The optimal care of patients with inflammatory bowel disease depends on adherence to standards of care regarding
diagnosis, informing the patient of potential risks of treatment, obtaining recommended baseline studies, and
monitoring the patient for efficacy and adverse effects. In clinical research as well as practice, financial conflicts of interest
must be disclosed and managed to insure that patients have sufficient information to make a decision regarding participation
in a study and to insure their safety. Medical education of care-givers in training carries the obligation and liability
to oversee the care of the IBD patient and insure that safe and optimal care. This review addresses medicolegal issues that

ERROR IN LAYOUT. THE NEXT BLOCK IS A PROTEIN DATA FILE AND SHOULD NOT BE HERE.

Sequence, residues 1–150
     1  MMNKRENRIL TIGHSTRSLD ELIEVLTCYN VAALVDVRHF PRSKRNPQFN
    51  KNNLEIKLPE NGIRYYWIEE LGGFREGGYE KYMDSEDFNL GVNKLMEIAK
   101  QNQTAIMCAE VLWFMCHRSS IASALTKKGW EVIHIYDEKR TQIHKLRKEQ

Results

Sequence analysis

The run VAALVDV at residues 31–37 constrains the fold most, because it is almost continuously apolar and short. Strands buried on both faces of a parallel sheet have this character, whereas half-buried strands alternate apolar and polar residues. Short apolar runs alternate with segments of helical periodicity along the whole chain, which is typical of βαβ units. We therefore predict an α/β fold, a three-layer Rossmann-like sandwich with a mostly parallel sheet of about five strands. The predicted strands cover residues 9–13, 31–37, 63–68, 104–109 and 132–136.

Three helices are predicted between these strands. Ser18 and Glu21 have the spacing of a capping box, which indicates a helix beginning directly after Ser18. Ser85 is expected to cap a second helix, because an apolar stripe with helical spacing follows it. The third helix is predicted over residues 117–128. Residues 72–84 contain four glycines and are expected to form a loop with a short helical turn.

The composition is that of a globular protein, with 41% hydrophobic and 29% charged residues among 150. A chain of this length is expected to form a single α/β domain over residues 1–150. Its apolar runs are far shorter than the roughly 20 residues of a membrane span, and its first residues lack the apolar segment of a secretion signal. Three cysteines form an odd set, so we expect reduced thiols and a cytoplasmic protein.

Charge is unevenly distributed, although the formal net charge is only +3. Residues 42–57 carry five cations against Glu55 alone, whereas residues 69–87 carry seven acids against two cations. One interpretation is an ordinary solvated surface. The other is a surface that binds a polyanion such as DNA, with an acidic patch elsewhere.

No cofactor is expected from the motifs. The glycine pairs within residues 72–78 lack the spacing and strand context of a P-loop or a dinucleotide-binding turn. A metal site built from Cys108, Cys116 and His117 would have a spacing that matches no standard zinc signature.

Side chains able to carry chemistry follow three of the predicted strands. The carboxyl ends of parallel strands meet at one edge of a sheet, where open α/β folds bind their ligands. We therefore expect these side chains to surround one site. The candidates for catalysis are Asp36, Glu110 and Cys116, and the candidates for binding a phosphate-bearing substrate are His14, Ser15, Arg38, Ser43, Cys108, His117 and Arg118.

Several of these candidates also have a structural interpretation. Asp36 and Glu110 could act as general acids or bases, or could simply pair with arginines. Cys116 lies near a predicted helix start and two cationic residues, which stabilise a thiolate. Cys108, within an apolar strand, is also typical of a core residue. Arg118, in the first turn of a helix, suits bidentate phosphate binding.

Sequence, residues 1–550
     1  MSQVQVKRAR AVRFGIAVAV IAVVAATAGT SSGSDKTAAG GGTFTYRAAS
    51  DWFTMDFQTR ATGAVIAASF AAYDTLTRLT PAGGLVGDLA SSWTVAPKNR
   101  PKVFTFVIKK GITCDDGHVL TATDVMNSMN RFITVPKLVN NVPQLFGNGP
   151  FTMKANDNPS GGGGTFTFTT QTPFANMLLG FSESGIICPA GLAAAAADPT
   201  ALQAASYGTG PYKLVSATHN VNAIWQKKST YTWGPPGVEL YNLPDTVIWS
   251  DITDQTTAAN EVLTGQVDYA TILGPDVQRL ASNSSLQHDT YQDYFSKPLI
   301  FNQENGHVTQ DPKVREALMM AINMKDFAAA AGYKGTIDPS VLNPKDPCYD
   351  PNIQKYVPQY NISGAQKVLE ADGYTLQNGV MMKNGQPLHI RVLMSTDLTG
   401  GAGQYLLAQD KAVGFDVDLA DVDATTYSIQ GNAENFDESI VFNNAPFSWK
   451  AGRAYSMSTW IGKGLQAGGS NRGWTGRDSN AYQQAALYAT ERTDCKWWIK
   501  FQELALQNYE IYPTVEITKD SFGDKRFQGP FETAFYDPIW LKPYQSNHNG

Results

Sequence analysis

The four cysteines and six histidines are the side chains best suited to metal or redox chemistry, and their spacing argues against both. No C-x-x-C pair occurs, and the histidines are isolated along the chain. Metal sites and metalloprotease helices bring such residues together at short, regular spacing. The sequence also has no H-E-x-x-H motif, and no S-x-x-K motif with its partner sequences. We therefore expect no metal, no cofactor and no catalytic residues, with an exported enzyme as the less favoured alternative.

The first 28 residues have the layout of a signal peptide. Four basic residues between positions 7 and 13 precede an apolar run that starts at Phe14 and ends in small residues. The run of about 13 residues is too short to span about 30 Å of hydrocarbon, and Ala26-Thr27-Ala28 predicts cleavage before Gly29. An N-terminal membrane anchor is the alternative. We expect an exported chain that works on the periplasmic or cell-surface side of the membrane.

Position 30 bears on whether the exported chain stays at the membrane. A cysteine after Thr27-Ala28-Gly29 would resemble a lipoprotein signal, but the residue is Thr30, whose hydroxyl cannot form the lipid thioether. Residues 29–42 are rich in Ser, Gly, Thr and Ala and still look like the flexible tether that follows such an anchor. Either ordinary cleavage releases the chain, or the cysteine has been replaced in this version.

can arise in the care of the patient with IBD. Clinicians who provide optimal care for patients with inflammatory bowel
diseases (IBD) must employ appropriate diagnostic and therapeutic options and also adhere to standards of care and ethical
principles. Ethical and medicolegal issues can arise from the failure to adhere to the standards of medical care, clinical
research and education. In a report in the New England Journal of Medicine in 2011, gastroenterologists in the U.S.
ranked 6th out 26 subspecialities as the most commonly sued for malpractice, with the mean payment to the plaintiff of
just under $200,000 . It is noteworthy that two other specialties that involve invasive procedures ranked lower on the
list than Gastroenterology. For example, Cardiology and Anesthesiology ranked 11th and 17th, respectively. In this review,
nine of the pitfalls to adherence to the standards of practice for IBD are reviewed.